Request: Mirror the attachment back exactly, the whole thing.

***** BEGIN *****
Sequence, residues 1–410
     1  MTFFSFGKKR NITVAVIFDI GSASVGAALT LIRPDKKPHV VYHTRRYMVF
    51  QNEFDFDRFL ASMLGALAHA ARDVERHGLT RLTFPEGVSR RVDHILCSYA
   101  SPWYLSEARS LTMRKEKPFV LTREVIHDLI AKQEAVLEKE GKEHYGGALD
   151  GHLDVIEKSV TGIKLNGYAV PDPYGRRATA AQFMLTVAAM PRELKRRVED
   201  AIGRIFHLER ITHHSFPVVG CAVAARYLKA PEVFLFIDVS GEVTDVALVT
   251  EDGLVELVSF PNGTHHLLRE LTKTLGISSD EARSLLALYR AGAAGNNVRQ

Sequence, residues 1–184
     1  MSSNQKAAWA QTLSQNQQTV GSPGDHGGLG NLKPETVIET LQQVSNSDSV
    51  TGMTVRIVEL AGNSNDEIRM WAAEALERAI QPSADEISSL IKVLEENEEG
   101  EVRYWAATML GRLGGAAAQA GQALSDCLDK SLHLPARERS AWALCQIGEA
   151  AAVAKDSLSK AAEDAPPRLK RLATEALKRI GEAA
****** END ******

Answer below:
Sequence, residues 1–410
     1  MTFFSFGKKR NITVAVIFDI GSASVGAALT LIRPDKKPHV VYHTRRYMVF
    51  QNEFDFDRFL ASMLGALAHA ARDVERHGLT RLTFPEGVSR RVDHILCSYA
   101  SPWYLSEARS LTMRKEKPFV LTREVIHDLI AKQEAVLEKE GKEHYGGALD
   151  GHLDVIEKSV TGIKLNGYAV PDPYGRRATA AQFMLTVAAM PRELKRRVED
   201  AIGRIFHLER ITHHSFPVVG CAVAARYLKA PEVFLFIDVS GEVTDVALVT
   251  EDGLVELVSF PNGTHHLLRE LTKTLGISSD EARSLLALYR AGAAGNNVRQ

Sequence, residues 1–184
     1  MSSNQKAAWA QTLSQNQQTV GSPGDHGGLG NLKPETVIET LQQVSNSDSV
    51  TGMTVRIVEL AGNSNDEIRM WAAEALERAI QPSADEISSL IKVLEENEEG
   101  EVRYWAATML GRLGGAAAQA GQALSDCLDK SLHLPARERS AWALCQIGEA
   151  AAVAKDSLSK AAEDAPPRLK RLATEALKRI GEAA